Third wheels get around campus

The third wheel has long been regarded as the awkward appendage of tolerating couples. Upon doing some research, however, we discovered that the third wheel is an important – perhaps even indispensable – component of most relationships at the College. As many know, the Williams dating culture is woefully complex, involving all sort of romantic relationships that range from the casual DFMO (dance floor make-out) to the serious, dating couple.  Third wheels help lost singles navigate through this often frustrating world. Behind the scenes, these underappreciated sidekicks toil away to help bridge the gap between “just friends” and dating.
Because their own roles are often hazy and undefined, third wheels adapt to the situation in a variety of ways. Many on campus proudly proclaim themselves as third wheels. Far from being the tag-along friend, they play a central role in a relationship. These essential components are often thought of as gardeners who tend to the fragile beginnings of relationships: The plants would never bloom and flourish without them. Some liken the third wheel role to the big wheel of a tricycle, guiding the relationship along.
One example is Katherine ‘Peanut’ Belk ’13, a self-proclaimed third wheel. “I am the ultimate third wheel,” she said. Belk takes a different approach, realizing that she does not fulfill the main role but an important one nonetheless. She describes the third wheel as an “implement” in the initial stages of a relationship, when hanging out one- on-one can be tricky. There is always an enigmatic stage at the beginning of a relationship when the parties are wary of crossing into the “dating” territory. The third wheel eases this tension by providing an extra party, so that the developing couple can flirt in a relaxed setting.
Belk has been on numerous three-man dates. She has found herself as a “tool” in relationships, and her purpose is perhaps a numerical one: Simply by adding a third person, she transforms a potentially awkward date into a casual hangout. Belk also helps hesitant couples cut to the chase. In the past, she has imposed physical force to literally bring the couple together. While Belk thrives as a third wheel for budding relationships, some prefer to work amid older relationships, fearing the dependency that can arise as a third wheel for young couples.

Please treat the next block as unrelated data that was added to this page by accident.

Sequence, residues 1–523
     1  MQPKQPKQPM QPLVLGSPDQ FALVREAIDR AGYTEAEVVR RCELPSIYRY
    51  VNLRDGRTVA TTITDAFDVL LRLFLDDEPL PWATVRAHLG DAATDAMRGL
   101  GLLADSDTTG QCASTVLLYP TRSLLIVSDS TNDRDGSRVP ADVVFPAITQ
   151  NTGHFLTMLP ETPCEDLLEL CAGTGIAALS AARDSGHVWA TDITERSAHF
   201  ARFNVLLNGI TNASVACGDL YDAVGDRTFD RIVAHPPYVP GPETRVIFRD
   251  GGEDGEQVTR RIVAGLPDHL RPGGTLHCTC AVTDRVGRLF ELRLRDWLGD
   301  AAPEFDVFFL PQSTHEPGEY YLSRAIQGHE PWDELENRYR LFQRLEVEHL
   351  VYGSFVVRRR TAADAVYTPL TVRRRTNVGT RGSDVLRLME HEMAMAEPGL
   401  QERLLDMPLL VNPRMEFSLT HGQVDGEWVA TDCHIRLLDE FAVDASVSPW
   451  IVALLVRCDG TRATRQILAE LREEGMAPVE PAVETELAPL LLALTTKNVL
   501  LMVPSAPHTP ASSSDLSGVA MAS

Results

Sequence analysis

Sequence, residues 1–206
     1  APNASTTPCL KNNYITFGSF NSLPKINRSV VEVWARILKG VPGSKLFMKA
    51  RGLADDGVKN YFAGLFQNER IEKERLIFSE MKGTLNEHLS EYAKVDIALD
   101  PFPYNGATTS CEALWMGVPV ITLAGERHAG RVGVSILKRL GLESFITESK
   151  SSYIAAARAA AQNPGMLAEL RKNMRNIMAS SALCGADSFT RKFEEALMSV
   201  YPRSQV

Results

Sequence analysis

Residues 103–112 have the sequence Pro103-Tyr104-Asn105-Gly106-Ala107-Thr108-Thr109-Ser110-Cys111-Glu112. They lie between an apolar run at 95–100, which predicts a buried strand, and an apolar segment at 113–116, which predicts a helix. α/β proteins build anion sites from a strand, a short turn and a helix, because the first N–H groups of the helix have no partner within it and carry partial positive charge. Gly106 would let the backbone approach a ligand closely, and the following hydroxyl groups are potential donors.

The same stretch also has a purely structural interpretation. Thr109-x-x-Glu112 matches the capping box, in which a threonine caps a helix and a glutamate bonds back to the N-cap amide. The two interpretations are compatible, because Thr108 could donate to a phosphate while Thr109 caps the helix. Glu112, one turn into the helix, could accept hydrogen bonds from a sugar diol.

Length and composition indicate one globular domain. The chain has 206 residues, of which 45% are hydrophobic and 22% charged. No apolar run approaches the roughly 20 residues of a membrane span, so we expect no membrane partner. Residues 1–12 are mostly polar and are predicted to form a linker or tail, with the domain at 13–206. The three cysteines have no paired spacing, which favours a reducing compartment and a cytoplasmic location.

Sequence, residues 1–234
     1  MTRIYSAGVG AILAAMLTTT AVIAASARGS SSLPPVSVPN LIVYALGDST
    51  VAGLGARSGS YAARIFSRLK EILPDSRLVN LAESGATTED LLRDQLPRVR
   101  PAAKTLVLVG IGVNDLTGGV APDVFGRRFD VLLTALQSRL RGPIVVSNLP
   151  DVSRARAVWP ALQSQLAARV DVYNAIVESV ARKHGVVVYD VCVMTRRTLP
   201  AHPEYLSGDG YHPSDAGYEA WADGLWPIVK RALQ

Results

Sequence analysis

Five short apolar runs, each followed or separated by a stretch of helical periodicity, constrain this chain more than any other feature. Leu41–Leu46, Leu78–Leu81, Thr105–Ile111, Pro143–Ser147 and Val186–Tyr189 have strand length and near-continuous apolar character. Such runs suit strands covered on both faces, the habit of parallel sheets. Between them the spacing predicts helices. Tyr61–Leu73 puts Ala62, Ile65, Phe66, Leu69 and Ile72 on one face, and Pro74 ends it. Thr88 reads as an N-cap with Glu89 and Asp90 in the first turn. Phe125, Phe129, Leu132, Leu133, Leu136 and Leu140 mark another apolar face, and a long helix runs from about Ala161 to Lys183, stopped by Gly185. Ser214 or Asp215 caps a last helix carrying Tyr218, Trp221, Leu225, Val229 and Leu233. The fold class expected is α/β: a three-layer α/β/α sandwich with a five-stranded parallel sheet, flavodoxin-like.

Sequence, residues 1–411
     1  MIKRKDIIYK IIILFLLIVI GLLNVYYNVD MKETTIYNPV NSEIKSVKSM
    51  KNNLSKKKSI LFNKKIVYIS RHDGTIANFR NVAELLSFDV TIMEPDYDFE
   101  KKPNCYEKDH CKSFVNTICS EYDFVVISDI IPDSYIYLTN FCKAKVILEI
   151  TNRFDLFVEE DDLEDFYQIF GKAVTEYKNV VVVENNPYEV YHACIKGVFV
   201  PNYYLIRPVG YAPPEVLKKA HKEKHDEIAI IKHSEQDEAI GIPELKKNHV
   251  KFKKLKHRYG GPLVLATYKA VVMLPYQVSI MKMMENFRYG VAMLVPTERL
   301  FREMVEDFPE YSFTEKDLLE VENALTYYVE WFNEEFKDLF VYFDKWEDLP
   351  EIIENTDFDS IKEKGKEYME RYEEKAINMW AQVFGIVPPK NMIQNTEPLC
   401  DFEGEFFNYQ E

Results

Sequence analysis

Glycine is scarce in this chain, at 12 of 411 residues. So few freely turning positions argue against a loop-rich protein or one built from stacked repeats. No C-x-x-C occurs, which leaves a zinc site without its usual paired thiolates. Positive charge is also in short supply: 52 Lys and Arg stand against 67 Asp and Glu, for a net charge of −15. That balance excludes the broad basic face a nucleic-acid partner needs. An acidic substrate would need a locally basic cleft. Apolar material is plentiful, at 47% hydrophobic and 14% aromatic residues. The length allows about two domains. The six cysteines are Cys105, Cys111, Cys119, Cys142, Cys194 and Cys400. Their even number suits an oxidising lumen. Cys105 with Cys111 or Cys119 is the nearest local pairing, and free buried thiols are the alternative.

Another third wheel you may see around campus is Matt Cranshaw ‘11, who finds that five of six of his close friends are in long-term relationships.
“I definitely third wheel a lot here at Williams,” he said. “But I like it because it is casual.”
Cranshaw brings humor to the mix and lightens the situation. “My role is often to embarrass one party as much as possible,” he said. If you’re looking to see if you and your mate have a strong enough bond, Cranshaw offers a chance to test the fortitude of your relationship: “I am the ultimate test for a relationship. If you can take me, the relationship has a future,” he said.
Like Belk, Cranshaw finds that his work improves relationships. Cranshaw’s third-wheeling is actually a selfless act.
“The positive result for the relationship is that you have to be more honest,” he said. “I know people who act one way with their girlfriend and one way with their friends, and I think a third wheel is a nice way to bridge that gap.”
What is often not known about third-wheeling is how territorial it can become. In this underground world, jealousy runs rampant. If you think it’s tough to find a significant other, imagine how hard it is to find a decent couple to third-wheel with. Belk has a strong attachment to her couples and proclaims she “made” them.
For aspiring third wheels out there, Belk and Cranshaw offer invaluable advice that needs to be considered for your third-wheeling (and the relationship you are third-wheeling) to be a success. But be warned, it’s not all fun and games in this position: Fights are an inevitable part of relationships and may prove uncomfortable for a well-intentioned third wheel. It is better not to get involved, since it could cause a problematic triangle situation, and let’s face it: Not all of the relationship involves the third wheel. In the event that you are in a fight with one of the members of the couple, you will most likely have the lower hand. “The couple will always align with each other – they will never align with you, so you’re on your own if you’re in a fight with either of them,” Belk said from personal experience. When fights end in break-ups, the third wheel is often overlooked. For a third wheel that has been there from the beginning, a break-up can prove devastating. It may seem like this large chapter of your life has abruptly come to a close, and you did not even have a say in the matter. Such are the tradeoffs of third-wheeling.
So if you find yourself cuddling with your significant other as your third wheel sits awkwardly by, remember the pivotal role that seemingly unnecessary addition has played in your relationship. The third wheel is, after all, the foundation of love – and such people don’t appreciate their efforts going unnoticed. “I will start charging for third-wheeling,” Belk warned.

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